For all the official discourse and the various initiatives undertaken to talk up the value-added potential of Guyana’s agricultural sector there is no question that the country continues to be way below its potential in this regard.
Finance Minister Winston Jordan would—much more than the average citizen—be au fait with the condition of the national economy (or what is usually referred to as the numbers) in the context of whether or not it is in a position to afford public servants a salary increase and just how much the economy might be able to afford at this time.
When the Stabroek Business learnt that an organization called the General Contractors Association of Guyana (GCAG) had been created we agreed to meet with members and – arising out of that meeting – to bring the existence of this organization to the attention of the public.
Wednesday’s release from the Guyana Revenue Authority’s (GRA) Law Enforcement and Investigation Division (LEID) that it had seized uncustomed goods valued at $20 million in the month of January would probably hardly have attracted a great deal of public attention beyond the actual newspaper headline.
The closest that this newspaper was able to come to getting anyone in authority to talk about some of the likely features of the APNU-AFC coalition’s first full annual budget came during an extended interview with Minister of Business Dominic Gaskin on Wednesday.
Anything remotely resembling accurate monitoring and measurement of growth in Guyana’s small business sector has not been possible over the years since no reliable mechanism exists for so doing.
There was something more than a trifle curious about last week’s announcement that City Hall had called a halt to construction work on the 81-82 Camp and Robb streets construction site after it had been determined that the developer had apparently gone ahead with the exercise without receiving the requisite permission from the City Engineer’s Department.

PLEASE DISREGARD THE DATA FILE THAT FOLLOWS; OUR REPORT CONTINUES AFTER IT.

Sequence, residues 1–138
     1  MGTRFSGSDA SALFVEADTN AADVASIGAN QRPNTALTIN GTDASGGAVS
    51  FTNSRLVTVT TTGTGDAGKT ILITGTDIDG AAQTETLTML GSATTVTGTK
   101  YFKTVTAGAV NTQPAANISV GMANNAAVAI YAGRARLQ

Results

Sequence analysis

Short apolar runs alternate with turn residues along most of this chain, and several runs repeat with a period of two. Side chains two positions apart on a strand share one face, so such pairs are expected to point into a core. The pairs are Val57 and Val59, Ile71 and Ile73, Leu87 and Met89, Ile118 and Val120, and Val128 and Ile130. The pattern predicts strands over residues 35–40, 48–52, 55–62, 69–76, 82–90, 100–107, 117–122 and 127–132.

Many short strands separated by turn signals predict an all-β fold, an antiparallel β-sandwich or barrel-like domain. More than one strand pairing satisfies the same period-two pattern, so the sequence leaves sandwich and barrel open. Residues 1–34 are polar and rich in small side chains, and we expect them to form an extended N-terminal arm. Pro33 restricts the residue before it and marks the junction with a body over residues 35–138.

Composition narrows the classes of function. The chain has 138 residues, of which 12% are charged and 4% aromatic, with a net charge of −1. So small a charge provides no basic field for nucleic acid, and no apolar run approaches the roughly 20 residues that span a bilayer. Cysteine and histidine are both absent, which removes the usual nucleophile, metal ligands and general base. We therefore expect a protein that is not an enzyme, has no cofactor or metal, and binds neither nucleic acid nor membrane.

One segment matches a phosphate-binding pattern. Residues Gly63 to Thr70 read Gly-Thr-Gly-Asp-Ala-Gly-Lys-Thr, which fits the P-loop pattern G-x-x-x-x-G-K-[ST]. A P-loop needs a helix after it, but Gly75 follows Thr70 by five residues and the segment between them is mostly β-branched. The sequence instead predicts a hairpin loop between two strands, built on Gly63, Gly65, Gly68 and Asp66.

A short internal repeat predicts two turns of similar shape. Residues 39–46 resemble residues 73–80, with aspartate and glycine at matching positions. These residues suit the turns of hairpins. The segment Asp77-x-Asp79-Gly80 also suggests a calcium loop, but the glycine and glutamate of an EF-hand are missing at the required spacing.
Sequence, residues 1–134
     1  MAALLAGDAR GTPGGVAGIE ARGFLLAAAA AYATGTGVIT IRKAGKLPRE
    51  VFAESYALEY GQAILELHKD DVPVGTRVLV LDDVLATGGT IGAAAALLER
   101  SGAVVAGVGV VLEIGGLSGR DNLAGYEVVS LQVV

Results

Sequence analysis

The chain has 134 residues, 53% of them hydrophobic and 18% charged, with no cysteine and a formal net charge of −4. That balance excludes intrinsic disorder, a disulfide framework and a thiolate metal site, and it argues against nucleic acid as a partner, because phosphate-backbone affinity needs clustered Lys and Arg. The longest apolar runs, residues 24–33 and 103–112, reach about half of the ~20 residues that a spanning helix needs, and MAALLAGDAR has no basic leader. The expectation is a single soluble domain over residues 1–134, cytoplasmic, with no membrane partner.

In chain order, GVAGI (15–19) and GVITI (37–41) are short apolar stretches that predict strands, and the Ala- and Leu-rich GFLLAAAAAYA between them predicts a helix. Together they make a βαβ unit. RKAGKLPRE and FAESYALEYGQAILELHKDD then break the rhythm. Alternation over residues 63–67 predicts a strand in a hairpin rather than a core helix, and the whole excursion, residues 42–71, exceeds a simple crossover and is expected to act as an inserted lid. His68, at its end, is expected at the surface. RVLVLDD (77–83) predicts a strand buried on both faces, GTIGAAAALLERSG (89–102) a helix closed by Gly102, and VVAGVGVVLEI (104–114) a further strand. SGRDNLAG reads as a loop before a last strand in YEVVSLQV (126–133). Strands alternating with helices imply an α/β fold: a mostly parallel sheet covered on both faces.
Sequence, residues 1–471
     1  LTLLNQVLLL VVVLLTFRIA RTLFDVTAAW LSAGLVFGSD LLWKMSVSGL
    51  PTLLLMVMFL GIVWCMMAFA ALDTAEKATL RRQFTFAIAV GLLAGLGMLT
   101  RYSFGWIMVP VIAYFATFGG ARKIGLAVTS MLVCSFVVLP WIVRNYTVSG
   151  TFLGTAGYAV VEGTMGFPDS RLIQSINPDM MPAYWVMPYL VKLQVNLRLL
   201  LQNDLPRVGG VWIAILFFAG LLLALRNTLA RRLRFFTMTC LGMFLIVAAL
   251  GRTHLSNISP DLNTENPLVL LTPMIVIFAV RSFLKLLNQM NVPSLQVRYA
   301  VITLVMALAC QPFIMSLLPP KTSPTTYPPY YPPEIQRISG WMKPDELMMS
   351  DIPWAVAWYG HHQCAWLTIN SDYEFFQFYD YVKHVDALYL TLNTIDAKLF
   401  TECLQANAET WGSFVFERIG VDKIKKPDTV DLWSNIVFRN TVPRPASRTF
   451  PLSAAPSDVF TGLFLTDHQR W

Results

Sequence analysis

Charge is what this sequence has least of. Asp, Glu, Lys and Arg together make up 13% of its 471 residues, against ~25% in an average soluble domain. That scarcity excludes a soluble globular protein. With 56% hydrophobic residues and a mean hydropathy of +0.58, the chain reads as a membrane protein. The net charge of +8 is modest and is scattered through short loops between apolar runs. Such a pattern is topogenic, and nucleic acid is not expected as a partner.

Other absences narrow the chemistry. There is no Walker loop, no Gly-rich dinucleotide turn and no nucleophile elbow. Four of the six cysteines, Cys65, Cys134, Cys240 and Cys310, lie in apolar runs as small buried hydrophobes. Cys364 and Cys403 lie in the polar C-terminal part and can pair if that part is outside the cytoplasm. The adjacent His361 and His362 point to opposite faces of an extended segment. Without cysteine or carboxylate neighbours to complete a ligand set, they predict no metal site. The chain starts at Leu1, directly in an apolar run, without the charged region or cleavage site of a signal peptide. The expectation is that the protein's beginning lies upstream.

There were things about the seasonal commercial activity that were different this year.
Several months ago this newspaper was briefed by Chairman of the Private Sector Commission (PSC) Norman McLean about the planned staging of a public/private business/economic forum which, as we understood it, was intended to chart a course for a longer-term relationship between the business sector and the new political administration.
There was an encouraging sense of entrepreneurship amongst many of the vendors who placed their goods on display at last month’s first ever Small Business Exposition.
One assumes that (sooner rather than later) there will be some sort of official assessment of last weekend’s Business Exposition, the event being the first of its kind and the organisers, presumably, wanting to determine whether the event might have been sufficiently successful to warrant its annualisation.
There would not have been a Small Business Exposition but for the fact—at least so we are told—that as far as the annual GuyExpo is concerned we are saving our effort for the 50th Anniversary of Guyana’s independence at which time we will stage what is likely to be the biggest GuyExpo ever.
It has been a memorable week for the local aviation sector, for the wrong reasons.
News that Guyana has invited the Director of the Hospitality Institute of Barbados to give support to the creation of a similar facility here in Guyana is welcome, even if it leaves us none the wiser as to a time frame for the creation of our own local centre of excellence as far as raising the bar in the hospitality sector is concerned.
It is entirely fair to give City Hall a gentle pat on the back for what we expect is an ongoing effort to change the appearance of the city – and its own image in the process – even as it appears to enjoy a relationship with the present administration than it apparently did with the previous one.